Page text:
FIG. 11 represents the construction of the sifter for removing metal particles. The sifter 20 is incorporated in section B of the cage; it comprises a filter cloth 24 fixed over a body urged into vibration by a vibrator system 25; a recoverer 26 of metal particles is fixed below the sieve and can, for example, be fixed onto the same body as the sieve. The recovery of very fine fillings is effected by flexible magnets 27, in the form of a ribbon or plates arranged on rigid elements. Almost all of the powder not deposited on the pieces falls directly onto the sifter, a small part going onto the filters; the configuration of the cage thus reduces clogging of the filtering elements and makes maximum use of the natural recycling of the powders. The whole of the powder passes through the sifter and through the recoverer of metal particles, so that only "clean" powder is projected.
The cage includes two fluidization units; one at 3 under the filtering elements collects powder which has been unclogged, the other at 9 fluidizing the powder of the reserve.
Electrical and pneumatic circuits are enclosed within the cage in compartments provided for this purpose.
The manufacturing material depends on the type of powder deposition selected; the cage is preferably to be constructed from material with a high dielectric strength, for example polypropylene, so as to avoid leakage current. The modular design allows access to its inside elements, without anyone going in via one of the air-locks; it eliminates all outer tubing so that there is consequently no wear, and allows increased accesibility. The direct recycling of air in the cage allows recovery of heat because of the ventilators, and consequently minimizes heat losses and energy input; moreover, the absence of direct personal contact with the environment of the cage allows the conditioning of recycling air to be adapted solely to the conditions of use.
The installation according to the invention presents the following advantages:
The circulation of air in the inlet and outlet modules created by the ventilators at the level of the filters causes a lowering of pressure in the module B in the region 43 and an excess pressure in the inlet or outlet air-lock in the region 44. In these conditions, the powder cannot escape through the orifices 45-46 of the cage provided for the passage of the pieces to be covered, while the surplus air provided by the compressed air elements for deposition of powder is allowed to leave; nearly all the air in the cage comes from compressed air. The air in the cage is reinjected into the air-locks, no air coming from the outside; the problems of reprocessing the air coming in and of removing workshop dust therefrom consequently does not arise. The cage of the vertical type allows movement of the pieces by a linear conveyor. The systems for projection and recycling (guns and dippers) are mounted on a replaceable assembly which is easily removed. The filtering air is recycled so as to form a current of air preventing lateral escape of powder; the final filter prevents particles of enamel being carried into the atmosphere of the workshop, should a filter deteriorate. Moreover, a differential manometer can be arranged to interrupt aspiration, should a filtering element become perforated.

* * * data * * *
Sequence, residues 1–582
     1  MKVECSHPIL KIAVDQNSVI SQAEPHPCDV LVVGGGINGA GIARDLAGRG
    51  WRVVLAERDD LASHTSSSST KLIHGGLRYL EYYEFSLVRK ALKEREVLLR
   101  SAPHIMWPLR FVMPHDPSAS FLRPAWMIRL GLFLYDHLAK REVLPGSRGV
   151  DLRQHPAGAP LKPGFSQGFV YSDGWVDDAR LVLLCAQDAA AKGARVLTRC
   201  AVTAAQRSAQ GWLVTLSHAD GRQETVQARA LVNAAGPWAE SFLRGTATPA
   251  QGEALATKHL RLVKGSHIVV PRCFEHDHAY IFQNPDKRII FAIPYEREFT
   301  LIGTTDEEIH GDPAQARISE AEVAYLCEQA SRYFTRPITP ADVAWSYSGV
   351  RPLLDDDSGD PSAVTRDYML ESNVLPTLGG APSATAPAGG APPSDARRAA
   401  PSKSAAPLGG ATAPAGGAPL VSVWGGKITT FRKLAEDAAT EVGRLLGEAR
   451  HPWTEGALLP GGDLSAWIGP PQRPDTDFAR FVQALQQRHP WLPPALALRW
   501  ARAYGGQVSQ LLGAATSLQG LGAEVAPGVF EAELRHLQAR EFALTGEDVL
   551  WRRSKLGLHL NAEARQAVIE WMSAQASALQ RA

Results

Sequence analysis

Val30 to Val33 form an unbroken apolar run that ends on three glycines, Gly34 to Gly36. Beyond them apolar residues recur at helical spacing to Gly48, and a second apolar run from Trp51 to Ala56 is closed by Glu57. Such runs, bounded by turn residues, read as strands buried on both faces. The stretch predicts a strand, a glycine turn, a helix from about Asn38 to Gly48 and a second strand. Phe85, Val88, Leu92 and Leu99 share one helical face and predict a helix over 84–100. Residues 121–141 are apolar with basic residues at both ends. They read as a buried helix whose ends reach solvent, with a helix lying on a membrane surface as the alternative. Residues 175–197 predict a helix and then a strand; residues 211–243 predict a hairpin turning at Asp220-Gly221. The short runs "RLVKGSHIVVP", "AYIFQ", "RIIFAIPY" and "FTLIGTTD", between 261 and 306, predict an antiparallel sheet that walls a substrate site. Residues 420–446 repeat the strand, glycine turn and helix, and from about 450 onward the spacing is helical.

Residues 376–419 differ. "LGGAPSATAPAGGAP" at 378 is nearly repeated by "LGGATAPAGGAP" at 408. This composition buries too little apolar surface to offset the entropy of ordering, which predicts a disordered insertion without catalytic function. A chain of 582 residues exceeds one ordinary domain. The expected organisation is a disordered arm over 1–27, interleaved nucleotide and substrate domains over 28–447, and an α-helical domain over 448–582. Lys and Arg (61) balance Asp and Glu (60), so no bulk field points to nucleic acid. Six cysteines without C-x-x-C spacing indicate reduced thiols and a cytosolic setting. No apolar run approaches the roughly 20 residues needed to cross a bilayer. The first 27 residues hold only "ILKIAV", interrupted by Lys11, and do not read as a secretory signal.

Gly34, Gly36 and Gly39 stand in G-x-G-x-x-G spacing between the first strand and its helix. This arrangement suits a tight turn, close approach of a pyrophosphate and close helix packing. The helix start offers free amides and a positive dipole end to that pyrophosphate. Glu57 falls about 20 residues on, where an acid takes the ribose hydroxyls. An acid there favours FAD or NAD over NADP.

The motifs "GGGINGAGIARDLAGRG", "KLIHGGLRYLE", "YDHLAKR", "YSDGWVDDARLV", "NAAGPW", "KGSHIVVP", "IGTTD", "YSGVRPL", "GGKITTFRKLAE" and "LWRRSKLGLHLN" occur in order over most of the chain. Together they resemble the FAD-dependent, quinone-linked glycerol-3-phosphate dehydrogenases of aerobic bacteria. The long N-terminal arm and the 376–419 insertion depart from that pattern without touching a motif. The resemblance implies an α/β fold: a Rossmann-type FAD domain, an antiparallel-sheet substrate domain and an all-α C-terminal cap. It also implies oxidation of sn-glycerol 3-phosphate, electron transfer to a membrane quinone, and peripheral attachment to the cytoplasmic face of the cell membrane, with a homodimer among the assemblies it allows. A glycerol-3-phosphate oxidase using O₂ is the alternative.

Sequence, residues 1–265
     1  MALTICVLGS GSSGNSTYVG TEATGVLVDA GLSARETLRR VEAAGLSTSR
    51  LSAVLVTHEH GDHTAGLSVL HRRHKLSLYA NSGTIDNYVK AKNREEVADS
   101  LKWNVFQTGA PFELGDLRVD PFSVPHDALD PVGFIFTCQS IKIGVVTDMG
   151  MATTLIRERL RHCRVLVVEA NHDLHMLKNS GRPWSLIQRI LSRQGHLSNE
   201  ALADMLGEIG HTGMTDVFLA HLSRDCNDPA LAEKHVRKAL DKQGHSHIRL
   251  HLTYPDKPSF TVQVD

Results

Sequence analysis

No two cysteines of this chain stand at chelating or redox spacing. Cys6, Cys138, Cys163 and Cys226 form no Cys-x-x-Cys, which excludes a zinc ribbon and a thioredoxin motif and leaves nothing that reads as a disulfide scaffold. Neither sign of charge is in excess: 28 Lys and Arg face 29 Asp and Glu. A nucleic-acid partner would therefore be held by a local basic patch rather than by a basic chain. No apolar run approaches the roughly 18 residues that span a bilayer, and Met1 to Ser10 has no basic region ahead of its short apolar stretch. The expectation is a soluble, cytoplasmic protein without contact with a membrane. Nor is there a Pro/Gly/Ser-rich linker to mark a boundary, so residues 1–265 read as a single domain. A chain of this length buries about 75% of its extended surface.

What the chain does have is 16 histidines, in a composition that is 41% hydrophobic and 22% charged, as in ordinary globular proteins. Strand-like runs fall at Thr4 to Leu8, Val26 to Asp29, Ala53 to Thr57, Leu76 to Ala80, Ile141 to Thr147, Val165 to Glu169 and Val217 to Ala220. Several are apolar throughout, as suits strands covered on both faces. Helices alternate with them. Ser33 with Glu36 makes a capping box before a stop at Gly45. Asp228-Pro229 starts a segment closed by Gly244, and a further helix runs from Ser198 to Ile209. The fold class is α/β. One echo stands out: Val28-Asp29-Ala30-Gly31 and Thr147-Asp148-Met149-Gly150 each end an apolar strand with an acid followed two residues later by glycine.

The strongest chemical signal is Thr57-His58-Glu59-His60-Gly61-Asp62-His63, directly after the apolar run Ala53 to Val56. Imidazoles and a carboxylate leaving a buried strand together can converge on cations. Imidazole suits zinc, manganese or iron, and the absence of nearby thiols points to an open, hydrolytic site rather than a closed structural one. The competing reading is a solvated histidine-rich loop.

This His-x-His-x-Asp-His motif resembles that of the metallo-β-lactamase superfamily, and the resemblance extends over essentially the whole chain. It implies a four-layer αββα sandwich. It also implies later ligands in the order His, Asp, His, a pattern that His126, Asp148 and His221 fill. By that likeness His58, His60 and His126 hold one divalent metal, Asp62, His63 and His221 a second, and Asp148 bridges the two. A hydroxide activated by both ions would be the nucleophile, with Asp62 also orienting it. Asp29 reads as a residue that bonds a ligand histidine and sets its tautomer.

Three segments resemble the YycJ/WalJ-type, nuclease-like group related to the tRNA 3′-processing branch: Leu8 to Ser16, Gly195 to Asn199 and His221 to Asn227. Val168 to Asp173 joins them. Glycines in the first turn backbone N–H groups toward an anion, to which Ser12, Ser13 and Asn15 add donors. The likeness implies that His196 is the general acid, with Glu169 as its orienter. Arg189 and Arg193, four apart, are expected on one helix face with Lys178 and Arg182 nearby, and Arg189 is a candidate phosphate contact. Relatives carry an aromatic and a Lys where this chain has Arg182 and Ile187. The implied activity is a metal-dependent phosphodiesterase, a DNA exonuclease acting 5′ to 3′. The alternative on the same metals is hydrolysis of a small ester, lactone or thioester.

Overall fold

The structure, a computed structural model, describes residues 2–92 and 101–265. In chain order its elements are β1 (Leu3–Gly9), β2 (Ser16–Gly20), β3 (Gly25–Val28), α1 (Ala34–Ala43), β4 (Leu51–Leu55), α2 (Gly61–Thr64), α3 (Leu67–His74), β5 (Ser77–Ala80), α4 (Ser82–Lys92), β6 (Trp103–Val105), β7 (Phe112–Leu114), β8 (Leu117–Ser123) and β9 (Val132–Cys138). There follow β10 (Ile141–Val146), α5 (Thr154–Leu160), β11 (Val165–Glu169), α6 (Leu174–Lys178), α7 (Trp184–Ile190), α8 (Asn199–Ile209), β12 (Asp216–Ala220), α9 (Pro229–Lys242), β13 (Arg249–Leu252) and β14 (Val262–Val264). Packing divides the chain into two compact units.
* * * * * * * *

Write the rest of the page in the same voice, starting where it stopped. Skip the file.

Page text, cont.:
The modules of the cage are of plastics material, without metal parts, so that the installation has only a minimum of parts earthed to reduce the leakage of static electricity and to optimise the electric charge on the powder. A laminar flow is achieved over the pieces so as not to remove the powder already deposited on the pieces.
The modular design of the cage allows an increase in its mobility and in the interchangeability of elements, especially as it needs no external system such as, for example, a filter or sifter.
The modules are assembled by means of self-gripping tapes ensuring sealing, rapid assembly and rapid dismantling. The modules can themselves be modular.
The cartridges of the filters can be put under high voltage in order to form an outer barrier against the powder, which also allows a reduction in the accumulation of powder in the filters. The same outer barrier against the powder can be obtained by placing electrostatic screens in the inlet and outlet air-locks.
The position of the dippers 10 allows a minimum path between the fluidized container and the elements for depositing powder to be obtained and therefore less wear on the equipment.
The compactness of the equipment allows mounting of the whole as one independent unit of increased reliability. The construction of such equipment is simple since the structure serves to guide the aspiration and return of the air. As the apparatus can be rapidly dismantled, it is easily moved, according to operating conditions.